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Medical office design feasibility study provided by Diversified Design TechnologiesFeasibility Study: Based on the fact that our client was intending occupancy of a newly-constructed, Class-A office building in a vital and active commercial district, he felt that a feasibility study wasn’t warranted; but reluctantly agreed to proceed. The structure is a two-story, 20,000 square foot (10,000 per floor), “L”-shaped building. At the time, the only occupant was located on the ground floor- directly below the suite that my client had selected [photo similar to client structure]. Admittedly, the angled front of the building was appealing- as was the view of the surrounding business community from the second floor suite. However, hidden in the beauty were two mitigating factors:

  1. The highly glazed suite had both a southern and western exposure-, which would have created a “heat-load” on those sections of the building; not to mention the oppressiveness of afternoon sunlight.
  2. The acute angles created by the perimeter walls created a challenge for strategic placement and ideal usage of the interior space. [See sketch]. Although we pride ourselves with the ability to maximize every square inch of space, there’s only so much you can to with a diminishing dimension.

As compelling as these factors were, they could be managed, and would not be “deal-breakers”. However, a much greater but less visible condition loomed.

Clearly, the majority of plumbing and electrical service in a dental suite is run under the floor of the office; which is, of course above the ceiling in the suite below. Since, it would be necessary for the tradespersons to gain access to the lower-level suite, we visited that business to determine if there were any challenges present. We discovered that the ceiling was entirely sheetrocked and was detailed with architectural appointments, like soffits and crown molding. Additionally, all of the lighting fixtures were recessed and/or surface-mounted track lighting. It would have been impossible to penetrate that ceiling and maintain occupancy of the suite.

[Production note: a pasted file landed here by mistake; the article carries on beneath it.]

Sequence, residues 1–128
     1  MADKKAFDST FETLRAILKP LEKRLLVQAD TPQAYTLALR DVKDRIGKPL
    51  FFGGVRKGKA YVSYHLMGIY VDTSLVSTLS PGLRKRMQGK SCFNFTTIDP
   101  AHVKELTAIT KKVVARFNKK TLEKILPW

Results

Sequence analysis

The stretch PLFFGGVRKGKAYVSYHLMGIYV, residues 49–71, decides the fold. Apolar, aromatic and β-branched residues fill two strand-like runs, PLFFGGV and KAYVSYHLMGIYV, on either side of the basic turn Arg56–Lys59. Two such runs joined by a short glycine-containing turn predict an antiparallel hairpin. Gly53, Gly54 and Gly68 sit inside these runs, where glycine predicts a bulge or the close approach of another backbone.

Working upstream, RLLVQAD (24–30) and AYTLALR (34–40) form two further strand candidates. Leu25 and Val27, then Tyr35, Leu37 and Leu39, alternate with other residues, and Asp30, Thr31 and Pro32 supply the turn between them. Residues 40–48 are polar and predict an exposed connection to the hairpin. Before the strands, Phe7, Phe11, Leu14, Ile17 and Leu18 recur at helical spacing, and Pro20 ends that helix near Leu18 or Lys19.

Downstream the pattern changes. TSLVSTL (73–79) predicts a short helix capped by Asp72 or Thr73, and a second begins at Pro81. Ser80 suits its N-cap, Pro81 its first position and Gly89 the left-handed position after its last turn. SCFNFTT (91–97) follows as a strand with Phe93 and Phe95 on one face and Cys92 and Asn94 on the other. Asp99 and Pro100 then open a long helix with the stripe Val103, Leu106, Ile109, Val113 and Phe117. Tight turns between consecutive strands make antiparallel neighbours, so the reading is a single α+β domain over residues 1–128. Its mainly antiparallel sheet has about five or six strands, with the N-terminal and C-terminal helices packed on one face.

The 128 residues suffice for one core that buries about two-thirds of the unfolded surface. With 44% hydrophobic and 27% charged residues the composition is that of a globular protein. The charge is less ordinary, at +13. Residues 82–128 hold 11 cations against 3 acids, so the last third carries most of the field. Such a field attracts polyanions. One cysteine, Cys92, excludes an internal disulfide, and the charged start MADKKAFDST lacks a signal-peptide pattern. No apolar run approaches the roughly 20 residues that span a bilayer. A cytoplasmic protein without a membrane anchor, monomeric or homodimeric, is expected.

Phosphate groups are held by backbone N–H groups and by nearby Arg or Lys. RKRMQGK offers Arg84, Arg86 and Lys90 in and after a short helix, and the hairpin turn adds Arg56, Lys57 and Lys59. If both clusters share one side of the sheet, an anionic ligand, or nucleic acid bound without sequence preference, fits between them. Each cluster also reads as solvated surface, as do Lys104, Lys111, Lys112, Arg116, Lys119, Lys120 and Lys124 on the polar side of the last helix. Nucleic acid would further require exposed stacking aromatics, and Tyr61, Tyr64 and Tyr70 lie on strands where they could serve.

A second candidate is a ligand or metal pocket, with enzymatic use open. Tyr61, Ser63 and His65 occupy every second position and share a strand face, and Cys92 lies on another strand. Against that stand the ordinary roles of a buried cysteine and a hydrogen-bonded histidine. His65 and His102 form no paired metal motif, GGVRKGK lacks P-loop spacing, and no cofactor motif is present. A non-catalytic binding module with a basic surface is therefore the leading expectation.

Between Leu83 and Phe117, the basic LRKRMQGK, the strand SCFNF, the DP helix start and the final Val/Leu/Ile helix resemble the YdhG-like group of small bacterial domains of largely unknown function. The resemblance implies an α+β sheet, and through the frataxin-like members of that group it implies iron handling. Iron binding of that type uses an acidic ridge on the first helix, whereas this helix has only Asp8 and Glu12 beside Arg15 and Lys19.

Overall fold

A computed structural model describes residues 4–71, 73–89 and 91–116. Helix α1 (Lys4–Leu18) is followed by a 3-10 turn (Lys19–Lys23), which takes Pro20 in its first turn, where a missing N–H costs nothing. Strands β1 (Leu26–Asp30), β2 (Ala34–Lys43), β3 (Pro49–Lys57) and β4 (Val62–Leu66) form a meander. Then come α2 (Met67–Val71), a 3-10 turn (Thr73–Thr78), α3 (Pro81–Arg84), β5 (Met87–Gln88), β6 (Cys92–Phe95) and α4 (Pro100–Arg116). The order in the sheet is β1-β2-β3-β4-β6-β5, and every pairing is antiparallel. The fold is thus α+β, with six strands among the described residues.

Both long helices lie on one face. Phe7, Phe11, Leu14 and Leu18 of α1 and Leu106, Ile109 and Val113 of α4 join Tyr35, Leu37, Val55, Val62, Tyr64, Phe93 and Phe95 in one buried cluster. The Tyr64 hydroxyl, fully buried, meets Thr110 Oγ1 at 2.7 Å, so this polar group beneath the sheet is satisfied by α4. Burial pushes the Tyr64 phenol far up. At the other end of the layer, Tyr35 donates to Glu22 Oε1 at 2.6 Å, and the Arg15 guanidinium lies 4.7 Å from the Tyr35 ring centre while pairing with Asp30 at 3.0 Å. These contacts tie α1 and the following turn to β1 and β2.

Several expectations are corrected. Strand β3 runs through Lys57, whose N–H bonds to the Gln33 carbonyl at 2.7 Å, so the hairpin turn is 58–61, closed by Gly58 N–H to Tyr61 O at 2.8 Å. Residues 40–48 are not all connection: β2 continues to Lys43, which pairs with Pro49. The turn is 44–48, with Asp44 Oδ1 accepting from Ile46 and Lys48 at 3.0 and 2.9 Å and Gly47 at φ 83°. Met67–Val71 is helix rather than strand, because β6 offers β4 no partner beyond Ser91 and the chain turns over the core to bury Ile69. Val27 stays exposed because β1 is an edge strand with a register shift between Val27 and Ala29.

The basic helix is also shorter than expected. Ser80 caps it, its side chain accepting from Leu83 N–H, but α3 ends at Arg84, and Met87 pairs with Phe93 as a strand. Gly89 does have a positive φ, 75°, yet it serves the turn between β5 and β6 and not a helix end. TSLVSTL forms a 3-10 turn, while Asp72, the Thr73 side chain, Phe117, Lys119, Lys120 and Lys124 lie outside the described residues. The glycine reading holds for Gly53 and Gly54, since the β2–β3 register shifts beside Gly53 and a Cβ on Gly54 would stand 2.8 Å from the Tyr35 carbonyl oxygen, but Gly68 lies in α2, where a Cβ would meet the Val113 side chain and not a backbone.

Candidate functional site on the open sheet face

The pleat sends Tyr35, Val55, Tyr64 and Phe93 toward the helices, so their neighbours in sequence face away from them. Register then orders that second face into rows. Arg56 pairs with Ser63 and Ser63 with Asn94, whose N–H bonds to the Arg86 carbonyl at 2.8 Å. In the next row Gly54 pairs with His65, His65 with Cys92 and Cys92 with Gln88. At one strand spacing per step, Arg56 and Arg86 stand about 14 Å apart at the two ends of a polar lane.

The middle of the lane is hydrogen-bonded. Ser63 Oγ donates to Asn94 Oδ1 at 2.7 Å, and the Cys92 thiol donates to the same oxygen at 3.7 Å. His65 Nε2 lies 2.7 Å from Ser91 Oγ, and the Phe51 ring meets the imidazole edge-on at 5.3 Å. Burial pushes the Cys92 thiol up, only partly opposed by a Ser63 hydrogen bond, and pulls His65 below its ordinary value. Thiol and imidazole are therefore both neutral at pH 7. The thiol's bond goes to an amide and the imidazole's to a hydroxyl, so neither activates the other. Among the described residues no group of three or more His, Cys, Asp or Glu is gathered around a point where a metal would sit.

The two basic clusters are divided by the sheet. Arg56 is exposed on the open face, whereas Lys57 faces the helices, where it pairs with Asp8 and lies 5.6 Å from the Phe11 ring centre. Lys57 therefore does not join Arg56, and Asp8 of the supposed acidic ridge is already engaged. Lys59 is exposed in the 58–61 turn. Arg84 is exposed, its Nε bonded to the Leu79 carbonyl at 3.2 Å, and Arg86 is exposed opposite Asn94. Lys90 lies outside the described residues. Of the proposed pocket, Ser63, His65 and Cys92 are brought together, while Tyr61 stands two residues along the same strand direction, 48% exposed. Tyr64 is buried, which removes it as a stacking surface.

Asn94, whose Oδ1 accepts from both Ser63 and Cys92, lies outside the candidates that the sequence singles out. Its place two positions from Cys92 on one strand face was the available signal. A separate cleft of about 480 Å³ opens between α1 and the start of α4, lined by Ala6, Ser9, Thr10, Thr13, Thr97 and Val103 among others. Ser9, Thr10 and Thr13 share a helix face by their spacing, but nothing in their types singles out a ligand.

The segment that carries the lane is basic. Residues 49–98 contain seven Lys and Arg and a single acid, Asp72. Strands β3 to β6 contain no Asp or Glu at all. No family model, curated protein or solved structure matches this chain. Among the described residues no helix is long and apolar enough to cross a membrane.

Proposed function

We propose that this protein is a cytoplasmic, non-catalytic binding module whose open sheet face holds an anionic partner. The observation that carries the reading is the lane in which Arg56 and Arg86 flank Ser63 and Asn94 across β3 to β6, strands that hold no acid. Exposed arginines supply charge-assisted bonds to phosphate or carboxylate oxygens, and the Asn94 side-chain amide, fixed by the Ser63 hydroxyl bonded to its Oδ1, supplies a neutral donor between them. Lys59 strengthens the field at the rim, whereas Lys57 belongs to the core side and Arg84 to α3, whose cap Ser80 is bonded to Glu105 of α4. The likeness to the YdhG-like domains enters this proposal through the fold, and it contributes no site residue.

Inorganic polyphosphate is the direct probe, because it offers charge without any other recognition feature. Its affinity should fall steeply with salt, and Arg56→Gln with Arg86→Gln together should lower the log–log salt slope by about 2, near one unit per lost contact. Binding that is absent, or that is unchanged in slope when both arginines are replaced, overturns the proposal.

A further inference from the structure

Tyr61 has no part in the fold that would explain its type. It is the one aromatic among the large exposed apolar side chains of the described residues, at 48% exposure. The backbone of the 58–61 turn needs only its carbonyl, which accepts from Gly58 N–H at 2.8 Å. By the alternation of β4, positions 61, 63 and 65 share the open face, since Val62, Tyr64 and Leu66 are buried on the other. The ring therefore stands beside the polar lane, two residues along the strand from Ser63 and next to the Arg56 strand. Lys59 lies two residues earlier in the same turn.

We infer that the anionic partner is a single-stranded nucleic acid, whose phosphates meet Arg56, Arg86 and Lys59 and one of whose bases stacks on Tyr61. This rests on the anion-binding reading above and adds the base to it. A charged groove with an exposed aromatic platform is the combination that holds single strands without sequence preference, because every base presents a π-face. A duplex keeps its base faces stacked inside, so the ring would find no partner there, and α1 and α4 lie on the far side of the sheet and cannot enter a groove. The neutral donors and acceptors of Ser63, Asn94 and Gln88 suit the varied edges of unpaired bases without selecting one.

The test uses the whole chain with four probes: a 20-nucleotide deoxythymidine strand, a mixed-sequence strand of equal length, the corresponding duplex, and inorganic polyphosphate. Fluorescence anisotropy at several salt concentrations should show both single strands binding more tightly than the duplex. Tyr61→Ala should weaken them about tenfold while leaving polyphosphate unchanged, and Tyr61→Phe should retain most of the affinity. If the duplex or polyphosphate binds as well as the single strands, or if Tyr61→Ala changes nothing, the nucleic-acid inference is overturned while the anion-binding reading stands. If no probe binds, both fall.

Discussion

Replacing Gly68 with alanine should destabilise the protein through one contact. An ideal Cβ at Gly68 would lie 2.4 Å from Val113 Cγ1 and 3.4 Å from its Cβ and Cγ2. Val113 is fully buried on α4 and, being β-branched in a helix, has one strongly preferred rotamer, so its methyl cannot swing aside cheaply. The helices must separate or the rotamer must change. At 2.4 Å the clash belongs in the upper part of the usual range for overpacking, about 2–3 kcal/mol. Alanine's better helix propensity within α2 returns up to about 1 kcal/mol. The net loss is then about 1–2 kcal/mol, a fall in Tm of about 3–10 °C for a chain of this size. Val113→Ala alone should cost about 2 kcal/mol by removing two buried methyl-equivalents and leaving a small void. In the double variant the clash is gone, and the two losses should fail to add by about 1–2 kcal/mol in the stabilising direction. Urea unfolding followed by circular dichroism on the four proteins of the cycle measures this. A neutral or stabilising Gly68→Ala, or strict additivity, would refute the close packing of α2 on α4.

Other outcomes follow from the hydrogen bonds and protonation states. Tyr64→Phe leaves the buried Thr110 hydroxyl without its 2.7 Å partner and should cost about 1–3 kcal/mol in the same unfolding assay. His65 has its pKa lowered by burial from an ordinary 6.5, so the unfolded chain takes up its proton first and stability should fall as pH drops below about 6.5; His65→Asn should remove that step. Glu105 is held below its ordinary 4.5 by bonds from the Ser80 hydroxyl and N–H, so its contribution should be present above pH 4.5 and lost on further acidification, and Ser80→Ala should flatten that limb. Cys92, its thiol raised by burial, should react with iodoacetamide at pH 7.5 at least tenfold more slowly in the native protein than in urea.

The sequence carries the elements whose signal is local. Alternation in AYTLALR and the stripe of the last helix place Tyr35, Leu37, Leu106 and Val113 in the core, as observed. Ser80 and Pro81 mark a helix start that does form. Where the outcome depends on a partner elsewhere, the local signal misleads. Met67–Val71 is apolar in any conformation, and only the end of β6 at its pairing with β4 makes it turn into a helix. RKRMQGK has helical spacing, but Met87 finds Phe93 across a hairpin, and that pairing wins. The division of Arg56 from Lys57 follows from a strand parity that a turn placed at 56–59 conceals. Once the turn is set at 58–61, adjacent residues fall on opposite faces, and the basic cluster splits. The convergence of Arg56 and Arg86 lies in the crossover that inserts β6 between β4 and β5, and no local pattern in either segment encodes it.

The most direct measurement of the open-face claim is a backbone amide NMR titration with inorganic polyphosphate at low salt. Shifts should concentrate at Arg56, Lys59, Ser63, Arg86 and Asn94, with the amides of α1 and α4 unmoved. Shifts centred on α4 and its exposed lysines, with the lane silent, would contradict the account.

Un-phased by the discovery, my client declared that we would simply elevate the floor in his suite, and run all of the utilities above the existing floor. Having done that for another practice in Boston, I expressed that the floor could be constructed as proposed. However, it would have been an extremely costly endeavor- approximately $40,000 costly. Those expenses included: framing, decking, ramping, railings, etc. Additionally, the encroachment of the ramp and other architectural barriers compliances would have consumed over 200 square feet of otherwise useable space. Those implications were exacerbated by the position of the suite by virtue of its adjacency to a stairwell and demising wall to the neighboring suite. In short the space was somewhat pie-shaped- the entry being the narrower portion. Since the space was large enough to necessitate two means for egress to comply with life-safety regulations, there were additional design challenges needed to accommodate the ramp. For example, by code, the egresses must be a defined distance apart from each other.

Based on that knowledge, we evaluated another suite on the same floor. Not only did that suite offer equivalent amenities (except for the angled walls), it featured a “land-locked” space that was created by a base-building condition. That space was approximately 40 square feet, and could not be defined as leaseable space. But, it certainly could be used for dental equipment and storage. The client had been slated to sign the lease for the angled space on the following day. The lease was signed, for the alternate suite. Our feasibility service was completed in one hour.

The lesson here is that there are dozens of mitigating factors that may not be apparent to the un-trained eye. We highly recommend that every opportunity, lease or purchase, be evaluated by a professional.